Coming soon – the day when we live forever

The Matrix: Balaji Srinivasan advocates a world which is ever more connected. © Warner Bros

Should we be excited about the future? A podcast by academic technologist Balaji Srinivasan has caused a stir with its vision of how our lives will be transformed in the ultra-digital age.

Balaji Srinivasan is both a successful entrepreneur and a highly respected academic. He has several degrees in electrical engineering and chemical engineering, and teaches at Stanford University in California. These are some of his key predictions:

Living longer. Srinivasan argues that the ultimate goal of technology is to help humans live for ever – and much more progress is being made than people realise. “You’re genetically wired to die – so maybe we can unwire that.” In the 2020s, there will be breakthroughs in everything from curing deafness to reversing ageing. People will keep information about their genomes on their computers so they can track problems with their bodies. “We can start making miracles happen with technology.”

Digital countries. Thanks to VR and architectural software, it is possible to build a virtual city. You would start by writing a manifesto to attract people to join your community; you could then put up buildings and design a system of government. Once the city was running to everyone’s satisfaction, you could buy land and build it in reality using crowdfunding. Eventually, a whole country could be created on this basis.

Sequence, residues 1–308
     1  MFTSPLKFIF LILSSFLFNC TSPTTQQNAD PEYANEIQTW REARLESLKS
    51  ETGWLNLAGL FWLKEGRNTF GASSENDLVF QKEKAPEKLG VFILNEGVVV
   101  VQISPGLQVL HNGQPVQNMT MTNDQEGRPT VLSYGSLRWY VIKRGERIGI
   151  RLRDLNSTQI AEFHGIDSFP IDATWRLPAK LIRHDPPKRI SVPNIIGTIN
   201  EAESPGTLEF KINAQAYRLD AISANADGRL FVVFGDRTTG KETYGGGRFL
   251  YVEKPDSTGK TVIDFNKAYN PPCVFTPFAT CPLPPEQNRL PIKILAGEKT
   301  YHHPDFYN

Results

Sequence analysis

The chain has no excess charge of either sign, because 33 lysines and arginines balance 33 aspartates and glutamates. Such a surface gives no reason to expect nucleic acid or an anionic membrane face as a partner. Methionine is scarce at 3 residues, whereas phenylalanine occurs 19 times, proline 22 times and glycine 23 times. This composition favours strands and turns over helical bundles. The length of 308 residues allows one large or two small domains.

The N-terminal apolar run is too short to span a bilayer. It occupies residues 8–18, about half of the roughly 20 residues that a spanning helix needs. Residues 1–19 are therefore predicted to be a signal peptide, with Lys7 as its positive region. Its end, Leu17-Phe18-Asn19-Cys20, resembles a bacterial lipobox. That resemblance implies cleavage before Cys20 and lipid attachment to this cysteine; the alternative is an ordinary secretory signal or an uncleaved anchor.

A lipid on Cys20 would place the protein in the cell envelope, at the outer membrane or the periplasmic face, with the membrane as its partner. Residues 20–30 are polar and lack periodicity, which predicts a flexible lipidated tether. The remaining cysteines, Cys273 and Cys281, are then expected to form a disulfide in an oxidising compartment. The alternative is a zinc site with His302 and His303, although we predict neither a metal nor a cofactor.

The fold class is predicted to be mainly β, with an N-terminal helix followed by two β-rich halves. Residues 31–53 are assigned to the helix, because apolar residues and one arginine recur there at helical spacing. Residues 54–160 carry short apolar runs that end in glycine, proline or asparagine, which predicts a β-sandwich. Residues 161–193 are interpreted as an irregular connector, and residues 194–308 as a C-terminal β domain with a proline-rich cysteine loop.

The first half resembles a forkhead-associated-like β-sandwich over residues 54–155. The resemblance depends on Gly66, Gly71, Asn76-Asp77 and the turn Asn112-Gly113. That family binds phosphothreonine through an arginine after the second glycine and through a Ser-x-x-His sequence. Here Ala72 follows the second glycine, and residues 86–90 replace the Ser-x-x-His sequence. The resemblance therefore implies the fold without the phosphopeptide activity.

Children working. It used to be common for children to be sent out to work until laws were passed to stop them from being exploited by employers. But Srinivasan believes that work helps children learn responsibility and grow up faster – and since they can work online from home, their parents can protect them from abuse. So, there is no reason why, say, a clever teenage coder should not earn lots of money while still at school.

Maximising ideas. Humans would make much faster progress if they shared ideas more. We need to develop online communities to do this, with proper incentives, so that if someone writes an essay with a suggestion that somebody else then uses to build a business, the writer gets a share of the profits. Since people are afraid to express all their ideas for fear of social media attacks, they should use pseudonyms and take payment through cryptocurrencies.

Establishing truth. At present, the internet is plagued by fake news. The way forward is to create “crypto oracles”: depositories of reliable information that are safe because they are widely shared, and have digital hallmarks showing who posted what, when – then nobody can falsify the record. Statistics about the pandemic, for example, would be indisputable because everyone would have access to the original data.

Social-media learning. “The next generation of content can’t be like the current social media, where you interact by liking and retweeting: it has to be about learning and earning.” The gap between entertainment and education can be bridged by “edutainment” – textbooks should be written like novels, so that they are more exciting to read. You can already earn money online by taking part in academic exercises – with attractive incentives, people will focus more on screen activity that is useful.